With games costing an average of $30m (£20m) to make for consoles, I was wondering what the cost of creating a procedurally-generated game-world with no gameplay might be. A lot less, I’m guessing, leading to the possibility of funding by small consortia (200 x £30k each = £6m). And potentially better profits, cheaper prices, and more sales longevity.
Here I’m thinking of high-fidelity natural ‘open world‘ environments running on licenced engines, such as those of the photorealistic minimal-controls The Hunter (PC, 2009), the flawed Fuel (2009), or the polished-but-ageing Endless Ocean (Wii, 2007). And with no “loading…” screens because they’re running on procedural engines. Hunter and Endless Ocean are games where I’d be happy to just stalk the animals in them, and bag the best possible big widescreen screenshot of those animals. I don’t really need the game mechanics, icons, buttons, score charts, storylines, etc, to have a great experience. In fact, the clutter rather gets in the way of anyone with the imagination to find their own way of enjoying such virtual places. The Brainy Gamer blog coined the neat phrase “meditative games” for such games.
Screenshot from The Hunter.
Without the need to pour man-hours into game characters, story and game mechanics, there’s an untapped potential for a whole raft of ‘non-game games’, funded by small consortia of investors and delivered via joint ventures leveraging the passion for PC game development evident in Eastern Europe and Russia. I mean, who wouldn’t want to stroll around the splendour of Ancient Egypt or Alexandria during the time of Ptolemy, recreated properly with a modern game-engine such as the Avalanche Engine 2.0 + professional sound design? Yet, at the moment we don’t even have one single walkable 3D game-engine recreation of the Giza Pyramids complex, even from the “serious games” educationalists. There are any number of other famous and sublime ancient places — many with precise measurements and building-plans sitting in some public-domain 1920s archaeology book — that grown-ups with modern PCs / 24″ LCD monitors / headphones would love to stroll around for hours on rainy nights. And of course affordable stereo 3D is a few years away (2013?), literally likely to add another dimension to such ‘virtual tourism‘. Small-scale family-size co-op exploration adds yet another dimension, but along a social axis.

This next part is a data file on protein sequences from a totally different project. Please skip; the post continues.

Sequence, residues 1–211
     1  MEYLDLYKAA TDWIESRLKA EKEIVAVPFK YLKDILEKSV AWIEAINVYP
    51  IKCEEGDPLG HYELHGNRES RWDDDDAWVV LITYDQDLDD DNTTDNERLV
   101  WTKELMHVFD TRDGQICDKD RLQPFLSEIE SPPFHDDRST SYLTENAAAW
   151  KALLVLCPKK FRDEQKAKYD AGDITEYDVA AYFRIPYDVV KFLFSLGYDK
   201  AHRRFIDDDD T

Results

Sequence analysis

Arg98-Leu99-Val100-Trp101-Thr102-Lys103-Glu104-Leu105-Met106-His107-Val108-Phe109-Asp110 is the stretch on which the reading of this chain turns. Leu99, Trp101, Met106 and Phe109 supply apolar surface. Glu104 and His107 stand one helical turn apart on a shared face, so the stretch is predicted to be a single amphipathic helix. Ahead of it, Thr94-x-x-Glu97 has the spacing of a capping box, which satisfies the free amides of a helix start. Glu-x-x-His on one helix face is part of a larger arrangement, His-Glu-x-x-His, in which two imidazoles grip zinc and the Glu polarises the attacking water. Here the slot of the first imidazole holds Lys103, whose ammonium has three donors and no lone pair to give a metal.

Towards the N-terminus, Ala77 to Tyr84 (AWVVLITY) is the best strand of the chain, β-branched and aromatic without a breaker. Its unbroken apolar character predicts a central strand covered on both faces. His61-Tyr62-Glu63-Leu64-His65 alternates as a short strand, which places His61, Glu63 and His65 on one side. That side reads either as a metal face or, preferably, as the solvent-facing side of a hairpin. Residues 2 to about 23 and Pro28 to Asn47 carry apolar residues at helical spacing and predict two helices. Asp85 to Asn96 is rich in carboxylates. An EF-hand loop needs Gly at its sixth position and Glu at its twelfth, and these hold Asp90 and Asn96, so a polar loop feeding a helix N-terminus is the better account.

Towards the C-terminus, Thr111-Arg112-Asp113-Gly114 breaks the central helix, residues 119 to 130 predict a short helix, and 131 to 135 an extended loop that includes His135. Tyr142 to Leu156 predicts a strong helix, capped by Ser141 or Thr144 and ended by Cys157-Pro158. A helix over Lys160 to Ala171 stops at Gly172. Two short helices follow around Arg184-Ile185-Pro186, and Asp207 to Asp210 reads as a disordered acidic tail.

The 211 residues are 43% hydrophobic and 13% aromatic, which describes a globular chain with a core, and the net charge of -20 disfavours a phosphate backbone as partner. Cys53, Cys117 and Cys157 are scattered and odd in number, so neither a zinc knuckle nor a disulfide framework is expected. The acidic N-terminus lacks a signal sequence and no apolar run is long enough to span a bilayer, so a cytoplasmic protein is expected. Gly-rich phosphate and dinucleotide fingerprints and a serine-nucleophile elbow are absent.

One other option would be for game developers to make money by selling, to a very different audience, cheap versions of their games with just the full walkable environment. No game elements included, no learning curve. Maybe even a different name. For instance, the deeply-flawed but spectacular Assassin’s Creed — I haven’t played it, but I wonder how well a walkable version of the medieval-period Holy Land sites would have sold to Christians titled as Walk the Holy Land? Well, I’d guess. Could Far Cry 2 be stripped of enemies, and be renamed Walking In Africa? Or how about a game-less authentic 3D medieval Venice, taken from Assassin’s Creed 2? How well would that sell to tourists (armchair and actual) for the next decade? …